C - Around 2008 I started limiting myself to a few specific drawing and writing tools. I use them all the time and can actually refine my relationship to them since I know they’re not going to change out from under me. Perhaps at some point these pens wont be made anymore, but the ones I have are actually mine. Similarly, the things I make with them actually belong to me in a way that doesn’t require some ridiculous terms of service. A sense of ownership, when it comes to the medium of communication, determines our level of trust and commitment.

Our digital tools have to achieve the same level of simplicity, durability and ownership that our pre-digital tools did. Until they do, we’re always going to be in conflict with them, full stop.

The main thing is that exactly none of our present platform-centric world can survive when you see things this way. The digital world we live in is composed of an insanely complicated, ephemeral set of tools that distinctly do not belong to the people that use them.

We’re going to be in a constant struggle with technology until it conforms to these three very basic expectations. These are the expectations we try to get Urbit to fall in-line with, of course. Something else could also succeed by satisfying them. But I also don’t really see anything else, aside from Bitcoin and maybe Ethereum, falling in line with these core principles.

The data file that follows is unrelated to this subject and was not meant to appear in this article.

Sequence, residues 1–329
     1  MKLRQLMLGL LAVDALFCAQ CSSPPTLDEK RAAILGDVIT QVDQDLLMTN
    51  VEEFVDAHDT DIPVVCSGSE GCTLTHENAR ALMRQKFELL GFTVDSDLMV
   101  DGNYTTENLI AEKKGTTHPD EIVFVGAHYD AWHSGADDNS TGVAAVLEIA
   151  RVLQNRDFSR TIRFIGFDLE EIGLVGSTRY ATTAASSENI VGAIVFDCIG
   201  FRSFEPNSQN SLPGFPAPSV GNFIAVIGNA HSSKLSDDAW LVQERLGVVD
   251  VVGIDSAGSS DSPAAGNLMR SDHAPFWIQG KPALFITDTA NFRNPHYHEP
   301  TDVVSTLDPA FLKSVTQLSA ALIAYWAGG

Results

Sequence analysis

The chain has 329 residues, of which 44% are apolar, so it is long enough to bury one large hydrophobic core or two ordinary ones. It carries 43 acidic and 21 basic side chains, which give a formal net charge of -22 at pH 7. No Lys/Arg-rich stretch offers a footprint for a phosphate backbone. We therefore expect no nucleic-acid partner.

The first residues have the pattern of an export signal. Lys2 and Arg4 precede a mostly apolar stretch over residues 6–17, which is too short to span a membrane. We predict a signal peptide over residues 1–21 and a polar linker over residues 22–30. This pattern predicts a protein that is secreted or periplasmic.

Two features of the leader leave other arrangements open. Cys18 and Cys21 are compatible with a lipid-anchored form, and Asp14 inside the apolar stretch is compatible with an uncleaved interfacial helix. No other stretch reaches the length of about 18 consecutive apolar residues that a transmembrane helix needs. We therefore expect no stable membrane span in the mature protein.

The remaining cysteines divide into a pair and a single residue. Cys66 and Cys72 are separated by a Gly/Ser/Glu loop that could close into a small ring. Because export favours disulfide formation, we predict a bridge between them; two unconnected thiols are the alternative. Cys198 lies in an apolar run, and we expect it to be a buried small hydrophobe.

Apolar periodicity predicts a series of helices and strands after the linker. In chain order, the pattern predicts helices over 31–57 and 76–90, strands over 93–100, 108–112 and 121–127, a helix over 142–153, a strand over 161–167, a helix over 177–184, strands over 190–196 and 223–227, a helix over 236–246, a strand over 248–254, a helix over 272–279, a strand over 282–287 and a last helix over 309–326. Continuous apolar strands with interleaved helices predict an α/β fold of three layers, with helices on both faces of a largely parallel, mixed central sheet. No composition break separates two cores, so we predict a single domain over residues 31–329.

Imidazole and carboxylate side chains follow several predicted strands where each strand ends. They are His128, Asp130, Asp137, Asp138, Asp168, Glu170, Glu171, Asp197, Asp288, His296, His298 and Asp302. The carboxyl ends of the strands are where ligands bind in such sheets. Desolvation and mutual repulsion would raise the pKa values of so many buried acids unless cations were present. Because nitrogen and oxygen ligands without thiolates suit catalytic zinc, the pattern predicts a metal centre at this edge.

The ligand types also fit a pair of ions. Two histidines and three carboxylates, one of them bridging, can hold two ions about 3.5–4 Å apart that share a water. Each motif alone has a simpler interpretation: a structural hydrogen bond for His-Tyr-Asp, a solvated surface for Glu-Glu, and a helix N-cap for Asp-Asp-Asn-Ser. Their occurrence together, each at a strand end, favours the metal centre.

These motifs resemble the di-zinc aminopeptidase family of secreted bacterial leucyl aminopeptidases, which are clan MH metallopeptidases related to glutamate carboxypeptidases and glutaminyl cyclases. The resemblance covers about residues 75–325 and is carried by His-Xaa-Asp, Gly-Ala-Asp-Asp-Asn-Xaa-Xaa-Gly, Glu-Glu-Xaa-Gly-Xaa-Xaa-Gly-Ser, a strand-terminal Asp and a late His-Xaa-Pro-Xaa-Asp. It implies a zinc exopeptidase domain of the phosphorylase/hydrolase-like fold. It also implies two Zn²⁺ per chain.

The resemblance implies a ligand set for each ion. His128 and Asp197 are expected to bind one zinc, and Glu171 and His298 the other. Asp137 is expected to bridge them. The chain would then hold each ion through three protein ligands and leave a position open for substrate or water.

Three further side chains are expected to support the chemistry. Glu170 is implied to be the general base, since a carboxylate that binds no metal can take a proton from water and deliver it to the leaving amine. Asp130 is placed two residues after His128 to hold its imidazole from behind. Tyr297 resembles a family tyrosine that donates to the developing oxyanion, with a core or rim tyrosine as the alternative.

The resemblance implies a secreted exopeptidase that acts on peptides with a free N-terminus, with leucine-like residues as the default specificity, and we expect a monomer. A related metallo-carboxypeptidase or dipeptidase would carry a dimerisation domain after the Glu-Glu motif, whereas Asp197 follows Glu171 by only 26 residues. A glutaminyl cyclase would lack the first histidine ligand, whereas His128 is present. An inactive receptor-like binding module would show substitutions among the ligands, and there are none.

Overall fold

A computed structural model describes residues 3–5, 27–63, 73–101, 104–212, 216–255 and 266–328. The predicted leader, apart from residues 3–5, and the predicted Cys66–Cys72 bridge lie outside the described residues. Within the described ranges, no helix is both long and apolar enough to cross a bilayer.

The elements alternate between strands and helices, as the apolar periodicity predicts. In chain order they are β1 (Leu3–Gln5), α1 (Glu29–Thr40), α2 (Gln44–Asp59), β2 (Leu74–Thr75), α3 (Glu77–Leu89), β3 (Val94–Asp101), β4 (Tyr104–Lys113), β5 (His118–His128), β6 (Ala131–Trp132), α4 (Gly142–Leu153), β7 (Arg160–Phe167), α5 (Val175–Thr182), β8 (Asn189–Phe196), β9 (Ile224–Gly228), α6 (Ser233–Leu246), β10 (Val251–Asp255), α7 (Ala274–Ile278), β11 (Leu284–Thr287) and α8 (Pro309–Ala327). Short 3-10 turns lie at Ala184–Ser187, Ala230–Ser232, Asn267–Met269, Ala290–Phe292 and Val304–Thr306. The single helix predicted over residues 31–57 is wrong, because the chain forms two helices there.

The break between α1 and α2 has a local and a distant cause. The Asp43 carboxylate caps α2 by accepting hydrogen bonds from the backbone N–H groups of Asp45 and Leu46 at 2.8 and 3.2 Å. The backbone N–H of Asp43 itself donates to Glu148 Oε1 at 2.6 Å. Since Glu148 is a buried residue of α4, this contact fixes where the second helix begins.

So: while I wish that Urbit was more mature and ready to capture those that are being purged from mainstream social media, are bored with it or are frustrated with the constraints of ‘productivity software’ — I think this conflict is going to drag on until people realize that what we’re in conflict with is the structure of the software we use. Using software that’s managed by other people is always going to cause serious problems all the way up at the user level. For more speculation on how this might play out, watch Black Mirror.

2 -

(1) is, in a way, a long-winded way of saying that the state of the world hasn’t changed our direction all that much. In order for Urbit to be approachable to use, it has to be very nicely made and that takes time and iteration. As the system stabilizes, Urbit can evolve in a more traditional way: we, along with others in the ecosystem, release stuff, observe how people use it, and try to make it better. We’re at the point where we’re nearly ready to get into that feedback loop, and we very much need to get there. We’re close.